The word "brother" in Scripture has a far broader meaning that included any close male relative one wasn't descended from (i.e., Gn 14:14; 29:15; 1 Chron 23:21-22, etc). Plus,
    two of Jesus "brothers" in Mt 13:55 are later to be said the sons of a different Mary (Mt 27:56). In Gal 1:19, Paul refers to one of the twelve apostles, James, as being the Lord's
    "brother". But which James? There are only two Jameses among the apostles: James the son of Zebedee, and James the son of Alphaeus. No James the son of Joseph.

    Nor does Matthew 1:25 imply anything in regards to the use of the word "until". In Scripture, the word "until" or its equivalents only refers to something happening or not
    happening up to a certain point, without implying anything afterwards, one way or the other. (see. Gn 8:7; Dt. 1:31; 9:7; 34:5-6; 2 Sm 6:23; Ps 110:1;123:2; Is 46:4; Mt 28:20;
    Lk 1:80; Rm 8:22; 1 Co 15:25; Eph 4:13 1 Tm 4:13; 6:14; Rv 2:25, etc.).

    And finally, the word "firstborn" is simply a cermenonial which would have been given to an only child just as well. This is because under the Mosaic law, the first male child of a
    marriage was to be redeemed (Ex. 34:20). That would apply to an only child as much as one with many brothers, of course. So Jesus, being an only child, would have to redeemed just as other only children, since the "firstborn" had to be redeemed according to the law.

    Plus, as I said, the early Christians taught the perpetual virginity of Mary. (see:
    www.cin.org/users/jgallegos/virgin.htm ). You may also wish to read the tract
    written by St. Jerome on Mary's perpetual virginity:

    (though I'll warn you: even though St. Jerome is a saint; he was a lot like me as far as having a bad temper at times :) , especially in regards to writing people who should know
    better, such as the person he wrote this tract in response to.)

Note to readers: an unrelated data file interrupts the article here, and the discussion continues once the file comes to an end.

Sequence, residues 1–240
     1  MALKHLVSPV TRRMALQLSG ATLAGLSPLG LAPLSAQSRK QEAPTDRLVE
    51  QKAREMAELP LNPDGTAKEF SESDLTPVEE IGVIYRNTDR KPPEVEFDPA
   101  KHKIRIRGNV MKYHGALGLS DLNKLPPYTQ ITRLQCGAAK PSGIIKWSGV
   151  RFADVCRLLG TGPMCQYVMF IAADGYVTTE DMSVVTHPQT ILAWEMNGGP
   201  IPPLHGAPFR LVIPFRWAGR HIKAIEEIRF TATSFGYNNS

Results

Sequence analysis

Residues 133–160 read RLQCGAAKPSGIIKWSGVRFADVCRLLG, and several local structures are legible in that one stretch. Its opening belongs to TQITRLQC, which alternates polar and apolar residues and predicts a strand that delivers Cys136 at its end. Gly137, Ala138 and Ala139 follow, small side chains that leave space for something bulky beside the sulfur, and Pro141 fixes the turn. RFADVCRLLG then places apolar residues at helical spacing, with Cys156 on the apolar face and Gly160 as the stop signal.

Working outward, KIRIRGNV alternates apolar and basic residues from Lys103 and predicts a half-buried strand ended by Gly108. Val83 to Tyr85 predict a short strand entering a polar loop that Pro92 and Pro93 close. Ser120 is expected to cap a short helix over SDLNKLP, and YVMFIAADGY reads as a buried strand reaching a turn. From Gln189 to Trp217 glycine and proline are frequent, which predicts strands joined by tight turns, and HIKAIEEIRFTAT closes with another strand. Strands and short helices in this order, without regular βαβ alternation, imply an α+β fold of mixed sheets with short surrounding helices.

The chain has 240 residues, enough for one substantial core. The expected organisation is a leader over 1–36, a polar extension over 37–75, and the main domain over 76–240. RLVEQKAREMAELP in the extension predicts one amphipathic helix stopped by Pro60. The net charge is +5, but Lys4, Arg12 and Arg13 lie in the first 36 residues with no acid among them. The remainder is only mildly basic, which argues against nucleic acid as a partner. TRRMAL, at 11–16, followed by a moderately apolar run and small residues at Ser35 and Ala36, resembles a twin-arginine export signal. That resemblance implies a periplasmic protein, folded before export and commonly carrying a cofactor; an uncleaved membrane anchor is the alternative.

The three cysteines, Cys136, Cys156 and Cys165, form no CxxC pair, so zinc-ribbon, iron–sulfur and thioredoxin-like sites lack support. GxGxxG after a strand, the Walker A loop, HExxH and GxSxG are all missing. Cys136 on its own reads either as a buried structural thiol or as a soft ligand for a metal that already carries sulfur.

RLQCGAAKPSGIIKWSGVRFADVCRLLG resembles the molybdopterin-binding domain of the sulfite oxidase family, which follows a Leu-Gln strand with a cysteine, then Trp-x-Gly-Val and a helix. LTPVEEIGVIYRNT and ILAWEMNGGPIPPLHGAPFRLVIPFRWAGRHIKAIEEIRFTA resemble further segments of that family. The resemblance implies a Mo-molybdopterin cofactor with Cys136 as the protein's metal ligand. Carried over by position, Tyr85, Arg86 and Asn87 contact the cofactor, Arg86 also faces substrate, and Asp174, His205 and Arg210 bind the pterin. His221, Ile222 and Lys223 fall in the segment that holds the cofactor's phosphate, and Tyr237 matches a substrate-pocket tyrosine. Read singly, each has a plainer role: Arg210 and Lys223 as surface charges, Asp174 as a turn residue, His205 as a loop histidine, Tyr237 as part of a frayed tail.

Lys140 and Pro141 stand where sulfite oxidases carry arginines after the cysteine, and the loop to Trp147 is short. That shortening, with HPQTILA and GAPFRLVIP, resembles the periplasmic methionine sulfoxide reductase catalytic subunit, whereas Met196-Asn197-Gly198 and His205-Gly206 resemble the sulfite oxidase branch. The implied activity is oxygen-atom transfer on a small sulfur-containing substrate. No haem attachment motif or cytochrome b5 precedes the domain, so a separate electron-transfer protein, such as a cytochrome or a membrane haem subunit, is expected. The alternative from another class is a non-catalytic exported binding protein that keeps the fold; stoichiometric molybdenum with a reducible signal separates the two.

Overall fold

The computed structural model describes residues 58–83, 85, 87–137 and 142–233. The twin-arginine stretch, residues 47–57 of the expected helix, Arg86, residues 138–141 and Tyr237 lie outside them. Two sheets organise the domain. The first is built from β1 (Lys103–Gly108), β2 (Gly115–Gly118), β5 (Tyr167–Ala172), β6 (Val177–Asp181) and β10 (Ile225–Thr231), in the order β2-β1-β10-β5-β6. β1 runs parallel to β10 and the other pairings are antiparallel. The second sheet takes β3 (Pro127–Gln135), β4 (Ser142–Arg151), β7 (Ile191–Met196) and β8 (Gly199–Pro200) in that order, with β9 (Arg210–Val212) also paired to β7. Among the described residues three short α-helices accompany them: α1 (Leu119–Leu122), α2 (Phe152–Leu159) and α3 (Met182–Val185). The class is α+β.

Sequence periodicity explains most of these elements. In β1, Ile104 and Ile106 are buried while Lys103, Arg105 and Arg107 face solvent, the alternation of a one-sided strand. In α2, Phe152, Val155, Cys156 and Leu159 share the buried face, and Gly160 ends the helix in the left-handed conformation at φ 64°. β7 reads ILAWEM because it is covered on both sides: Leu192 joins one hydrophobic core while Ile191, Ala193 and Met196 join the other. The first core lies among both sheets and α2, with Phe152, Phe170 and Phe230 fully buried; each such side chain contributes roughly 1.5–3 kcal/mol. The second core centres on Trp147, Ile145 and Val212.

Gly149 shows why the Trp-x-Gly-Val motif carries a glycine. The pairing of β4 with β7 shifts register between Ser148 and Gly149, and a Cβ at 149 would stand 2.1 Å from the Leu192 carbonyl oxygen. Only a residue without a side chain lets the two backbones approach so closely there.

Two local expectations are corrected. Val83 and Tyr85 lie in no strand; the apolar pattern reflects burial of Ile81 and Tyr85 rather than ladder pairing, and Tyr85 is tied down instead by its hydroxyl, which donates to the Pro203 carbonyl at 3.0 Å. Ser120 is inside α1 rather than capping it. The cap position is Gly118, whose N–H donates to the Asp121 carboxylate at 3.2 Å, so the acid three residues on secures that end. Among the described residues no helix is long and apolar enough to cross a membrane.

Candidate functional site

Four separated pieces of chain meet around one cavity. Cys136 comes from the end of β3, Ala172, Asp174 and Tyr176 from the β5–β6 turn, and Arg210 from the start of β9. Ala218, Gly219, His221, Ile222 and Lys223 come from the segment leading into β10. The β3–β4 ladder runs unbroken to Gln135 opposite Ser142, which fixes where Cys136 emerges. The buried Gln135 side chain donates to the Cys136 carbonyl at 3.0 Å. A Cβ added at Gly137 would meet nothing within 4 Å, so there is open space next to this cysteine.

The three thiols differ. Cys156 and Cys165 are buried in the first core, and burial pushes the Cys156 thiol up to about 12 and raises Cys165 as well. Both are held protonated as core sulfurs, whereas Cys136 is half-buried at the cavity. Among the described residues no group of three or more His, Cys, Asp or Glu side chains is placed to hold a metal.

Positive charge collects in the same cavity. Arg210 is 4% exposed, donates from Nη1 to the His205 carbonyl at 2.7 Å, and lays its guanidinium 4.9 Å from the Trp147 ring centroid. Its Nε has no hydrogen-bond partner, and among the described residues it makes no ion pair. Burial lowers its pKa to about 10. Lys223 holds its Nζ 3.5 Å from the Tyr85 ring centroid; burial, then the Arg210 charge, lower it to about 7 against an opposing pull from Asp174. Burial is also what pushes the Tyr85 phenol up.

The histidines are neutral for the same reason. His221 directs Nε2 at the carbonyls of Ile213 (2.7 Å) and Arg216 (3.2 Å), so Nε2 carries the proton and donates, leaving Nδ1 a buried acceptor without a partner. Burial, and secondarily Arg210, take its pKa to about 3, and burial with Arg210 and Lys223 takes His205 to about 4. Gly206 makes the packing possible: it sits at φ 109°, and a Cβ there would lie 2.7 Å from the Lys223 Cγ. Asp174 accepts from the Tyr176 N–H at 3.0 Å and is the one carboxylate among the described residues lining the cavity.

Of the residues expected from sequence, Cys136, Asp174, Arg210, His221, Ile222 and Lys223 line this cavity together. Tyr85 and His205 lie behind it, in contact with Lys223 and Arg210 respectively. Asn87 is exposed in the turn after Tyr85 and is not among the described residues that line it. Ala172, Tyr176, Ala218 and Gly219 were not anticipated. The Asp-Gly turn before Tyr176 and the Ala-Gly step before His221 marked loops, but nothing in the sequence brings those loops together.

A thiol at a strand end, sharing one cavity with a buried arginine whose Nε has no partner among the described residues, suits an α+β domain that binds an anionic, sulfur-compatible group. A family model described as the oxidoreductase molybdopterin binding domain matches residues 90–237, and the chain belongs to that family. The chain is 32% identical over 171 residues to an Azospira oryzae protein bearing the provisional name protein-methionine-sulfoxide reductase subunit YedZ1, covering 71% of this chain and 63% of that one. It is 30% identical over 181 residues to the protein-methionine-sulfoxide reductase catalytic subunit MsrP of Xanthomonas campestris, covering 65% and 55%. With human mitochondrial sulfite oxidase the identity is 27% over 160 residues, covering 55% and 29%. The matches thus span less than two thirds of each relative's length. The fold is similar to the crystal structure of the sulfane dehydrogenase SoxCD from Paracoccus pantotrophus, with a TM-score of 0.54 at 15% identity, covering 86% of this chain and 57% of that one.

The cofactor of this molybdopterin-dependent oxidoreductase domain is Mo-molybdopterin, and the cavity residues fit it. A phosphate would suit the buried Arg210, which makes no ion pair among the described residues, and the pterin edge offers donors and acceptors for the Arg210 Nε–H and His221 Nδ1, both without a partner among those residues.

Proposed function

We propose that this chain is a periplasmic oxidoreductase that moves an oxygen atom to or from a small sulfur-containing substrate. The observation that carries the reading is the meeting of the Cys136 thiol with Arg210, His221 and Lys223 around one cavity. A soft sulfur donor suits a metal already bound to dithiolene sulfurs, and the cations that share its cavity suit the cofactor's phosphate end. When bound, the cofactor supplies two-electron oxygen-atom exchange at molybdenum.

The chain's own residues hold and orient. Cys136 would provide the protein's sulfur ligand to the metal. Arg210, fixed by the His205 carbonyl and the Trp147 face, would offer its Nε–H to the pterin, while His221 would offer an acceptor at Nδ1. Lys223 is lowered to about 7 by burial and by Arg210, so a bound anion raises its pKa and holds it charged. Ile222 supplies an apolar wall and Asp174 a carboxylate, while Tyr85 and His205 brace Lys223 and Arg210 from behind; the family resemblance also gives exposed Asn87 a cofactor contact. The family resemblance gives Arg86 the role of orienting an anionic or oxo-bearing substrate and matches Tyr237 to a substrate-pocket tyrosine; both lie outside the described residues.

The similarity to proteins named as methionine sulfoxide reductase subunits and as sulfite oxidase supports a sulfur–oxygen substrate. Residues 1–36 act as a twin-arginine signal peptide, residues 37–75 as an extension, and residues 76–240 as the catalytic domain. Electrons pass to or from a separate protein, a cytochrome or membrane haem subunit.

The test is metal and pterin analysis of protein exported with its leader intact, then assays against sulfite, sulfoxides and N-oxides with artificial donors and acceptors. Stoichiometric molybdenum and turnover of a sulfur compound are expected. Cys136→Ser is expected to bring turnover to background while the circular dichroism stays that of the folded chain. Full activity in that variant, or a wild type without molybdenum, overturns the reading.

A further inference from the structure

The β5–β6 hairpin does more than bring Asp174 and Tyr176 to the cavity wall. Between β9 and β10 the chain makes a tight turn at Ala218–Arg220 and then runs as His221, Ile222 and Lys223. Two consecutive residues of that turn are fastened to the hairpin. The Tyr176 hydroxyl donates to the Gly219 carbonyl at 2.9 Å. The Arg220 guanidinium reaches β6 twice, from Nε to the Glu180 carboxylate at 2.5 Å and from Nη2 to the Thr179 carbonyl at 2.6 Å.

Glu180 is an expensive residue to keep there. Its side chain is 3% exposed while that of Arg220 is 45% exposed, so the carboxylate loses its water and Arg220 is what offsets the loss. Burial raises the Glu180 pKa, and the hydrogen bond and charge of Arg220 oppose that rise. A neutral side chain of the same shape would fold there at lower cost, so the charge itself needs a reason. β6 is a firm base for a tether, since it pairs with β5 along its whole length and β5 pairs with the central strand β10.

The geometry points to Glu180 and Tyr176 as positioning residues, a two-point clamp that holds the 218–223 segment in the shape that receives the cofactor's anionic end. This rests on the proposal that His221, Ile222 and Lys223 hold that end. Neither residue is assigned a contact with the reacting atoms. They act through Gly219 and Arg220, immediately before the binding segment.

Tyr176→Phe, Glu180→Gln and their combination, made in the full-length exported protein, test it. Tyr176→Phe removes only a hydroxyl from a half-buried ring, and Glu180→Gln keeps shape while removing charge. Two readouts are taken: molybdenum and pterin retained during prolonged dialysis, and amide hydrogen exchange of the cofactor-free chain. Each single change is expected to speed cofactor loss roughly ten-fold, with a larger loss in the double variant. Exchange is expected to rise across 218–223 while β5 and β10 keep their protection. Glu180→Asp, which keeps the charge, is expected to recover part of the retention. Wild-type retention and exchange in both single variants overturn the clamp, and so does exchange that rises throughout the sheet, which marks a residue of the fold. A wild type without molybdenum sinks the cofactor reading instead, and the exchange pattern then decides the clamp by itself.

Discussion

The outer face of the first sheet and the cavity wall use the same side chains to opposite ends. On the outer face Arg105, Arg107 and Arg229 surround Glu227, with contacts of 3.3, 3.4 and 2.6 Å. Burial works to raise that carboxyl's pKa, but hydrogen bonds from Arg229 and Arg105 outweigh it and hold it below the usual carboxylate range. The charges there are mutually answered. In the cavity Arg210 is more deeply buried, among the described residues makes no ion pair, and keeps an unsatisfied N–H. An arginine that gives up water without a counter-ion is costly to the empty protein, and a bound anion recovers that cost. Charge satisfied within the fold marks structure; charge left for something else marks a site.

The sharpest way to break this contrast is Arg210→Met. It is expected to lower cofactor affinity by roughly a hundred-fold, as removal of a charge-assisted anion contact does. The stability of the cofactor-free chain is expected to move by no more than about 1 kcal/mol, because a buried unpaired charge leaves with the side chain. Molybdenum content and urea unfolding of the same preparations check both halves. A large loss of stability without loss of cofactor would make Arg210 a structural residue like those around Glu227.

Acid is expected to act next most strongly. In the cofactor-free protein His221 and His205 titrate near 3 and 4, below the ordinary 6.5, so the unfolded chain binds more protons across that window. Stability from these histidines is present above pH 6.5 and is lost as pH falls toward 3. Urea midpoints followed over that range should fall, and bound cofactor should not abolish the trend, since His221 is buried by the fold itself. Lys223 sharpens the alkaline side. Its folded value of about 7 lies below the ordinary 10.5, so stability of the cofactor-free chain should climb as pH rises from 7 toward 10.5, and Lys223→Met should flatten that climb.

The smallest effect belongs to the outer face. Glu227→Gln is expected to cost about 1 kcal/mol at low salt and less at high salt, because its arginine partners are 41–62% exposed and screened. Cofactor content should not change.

OK. Hope that helps! If you disagree, I understand. Just trying to let you know why us Catholics believe what we do :)
  4. IrishJohan

    IrishJohan Well-Known Member

    Interesting. Usually the Orthodox I know hold to the Epiphanian view, i.e. that these "brothers" and "sisters" (including James) were children of Joseph from a previous marriage. One can find throughout the apocryphal gospels. In fact, on my weblog I posted something months ago. I'll see if I can track it down and post it.

    Pax Christi,
  5. MariaRegina

    MariaRegina Well-Known Member

    Eastern Orthodox
    Whether St. Joseph was a virgin or a widower has never been defined as a doctrine of faith - neither by the Catholic Church nor by the Orthodox Church. That is why the Orthodox hold two positions. We just don't know. Bishop Lazar's article is very interesting, and I think the Catholic position concurs with his position on the virginity of St. Joseph.

    If I am wrong, please correct me here.

    Yours truly in Christ our God,
  6. Benedicta00

    Benedicta00 Well-Known Member

    We have the apostolic oral word of God we call Sacred Tradition and it is every bit as much God's word as the bible is. Tradition tells us that Mary remained a virgin her whole life and the written word of God certainly does not contradict this. Since Mary is not dead but alive in Christ and she remained a virgin, we call her ever virgin, describing her perpetual virginity.
  7. IrishJohan

    IrishJohan Well-Known Member

    Ok, I found one such review I did on my weblog months ago. Here you go:

    Infancy Gospel of Thomas